For more than one year now, no Nigerian airline has operated long haul service. This means that international passenger traffic, which is over four million per annum and worth over $2 billion annually is airlifted solely by foreign airlines.
The last long haul flight operated by a Nigerian airline was that of Medview, which started Lagos-Dubai service in November 2017, but stopped in January 2018, in addition to its Lagos-London flights.
Arik Air used to operate to London, Johannesburg and New York for several years before it was stopped when the Asset Management Corporation of Nigeria (AMCON) took over the company in February 2017.
The consequence of this is that most of the revenues generated from Nigerian passengers travelling overseas are repatriated by foreign airlines that provide the service in the country.
This also contributed significantly to the pressure mounted on the nation’s currency.
When this is added to the fact that major maintenance of aircraft of Nigerian airlines is done overseas, aircraft spares bought from overseas and simulator and other training of pilots done overseas, then one could imagine the humongous amount of money repatriated overseas from the aviation sector.
Many industry observers are of the view that the fact that about four million Nigerian passengers are airlifted by foreign carriers out of the country, should be a source of concern to the federal government and anticipated that government should strive to curtail the dominance of international carriers by empowering and seriously supporting Nigerian airlines.
But from all indications Air Peace airline, which has been planning to start international operation does not seem to be getting so much support from government.
It was the same situation when Arik Air wanted to operate long haul flights and when Medview Airline started its flights to London.
THISDAY learnt that the Nigerian airlines were left to shoulder the task alone, without any form of support from the government.
“Sometimes government put hurdles on their way by even giving more opportunities to foreign carriers, claiming that it runs open market to encourage competition, but it is only Nigeria that does not protect its own airline when you look at aeropolitics that guides international operations.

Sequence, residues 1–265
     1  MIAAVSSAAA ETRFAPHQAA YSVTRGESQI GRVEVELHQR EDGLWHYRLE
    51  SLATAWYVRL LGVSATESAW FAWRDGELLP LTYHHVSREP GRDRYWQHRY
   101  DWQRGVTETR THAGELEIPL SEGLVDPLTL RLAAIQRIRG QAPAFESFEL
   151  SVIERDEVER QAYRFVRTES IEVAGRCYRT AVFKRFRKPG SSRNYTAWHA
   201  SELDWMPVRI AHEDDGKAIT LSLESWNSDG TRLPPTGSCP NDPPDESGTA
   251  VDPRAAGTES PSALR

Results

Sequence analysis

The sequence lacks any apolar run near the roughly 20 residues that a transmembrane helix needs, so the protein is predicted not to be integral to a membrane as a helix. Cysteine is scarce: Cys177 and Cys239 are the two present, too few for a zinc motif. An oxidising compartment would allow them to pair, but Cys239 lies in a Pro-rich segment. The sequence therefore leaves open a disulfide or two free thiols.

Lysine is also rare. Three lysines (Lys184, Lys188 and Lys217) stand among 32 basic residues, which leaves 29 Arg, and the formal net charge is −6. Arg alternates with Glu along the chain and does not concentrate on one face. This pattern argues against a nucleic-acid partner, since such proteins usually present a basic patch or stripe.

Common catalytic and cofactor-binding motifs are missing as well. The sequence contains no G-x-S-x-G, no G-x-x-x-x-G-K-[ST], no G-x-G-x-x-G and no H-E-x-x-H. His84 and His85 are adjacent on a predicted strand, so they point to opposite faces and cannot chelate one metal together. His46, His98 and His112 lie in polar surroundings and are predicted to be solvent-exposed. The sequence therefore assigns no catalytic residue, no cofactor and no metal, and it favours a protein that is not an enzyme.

“When we started operation to London we were practically begging government agencies and the Minister of Aviation then to give us approvals which we had met the conditions. That is it.
“It is like government prefers foreign airlines to fully take charge of long distance flights from Nigeria,” regretted a former senior official of Nigeria’s major carrier.
THISDAY spoke to the Chairman and CEO of Air Peace, Allen Onyema on the preparation of the airline for long haul operations.
He said the airline was meeting all the conditions in accordance to the Nigerian Civil Aviation Regulations
“Doing international operations is not the same as doing domestic operations; it is a different ball game entirely. When you want to do international operations the very first time, it is like you obtaining AOC (Air Operator Certificate) afresh and trying to start airline operations for the first time when you have never been there before. “So you must make sure that everything is in place before you go into it. There are a lot of factors that comes to play and you must address every issue, don’t jump into it without looking. If you leap before you look you may hurt yourself.
“First of all, the charges, are you prepared for the charges? When you start and you don’t have the expected passenger traffic, how long can you take it? In Air Peace, we have told ourselves that the in the next one year, good or bad we must continue. “So we want to prepare ourselves; we don’t want to bite more than we can chew. We want to represent this country proudly; we want Nigerians to be proud of this airline,” Onyema said.
He said the airline was ready and has completed the requirements to start the operations.
“We are ready, we have done our over five hours of demonstration flight, flying our planes with only NCAA (the Nigerian Civil Aviation Authority) officials to Dakar. We came back, we did another return flight to United Arab Emirate, to Sharjah, we came back.
“We did another one to Johannesburg we came back successfully. So we are waiting for NCAA to put this aircraft on our operational specifications so that we would be able to start, that is what we are waiting for.
“We hope to start our flight operations in April. Now, coming to the question of support, I don’t think we are getting the necessary support we are supposed to get. Because we want to start international operations next month and up till this time I do not have a business or first class lounge in my own country while other foreign airlines have.
“So the regulatory authorities and all the agencies of government that are in charge of aviation should do everything possible to support indigenous carriers. We are ready to start with Sharjah and Dubai,” he added.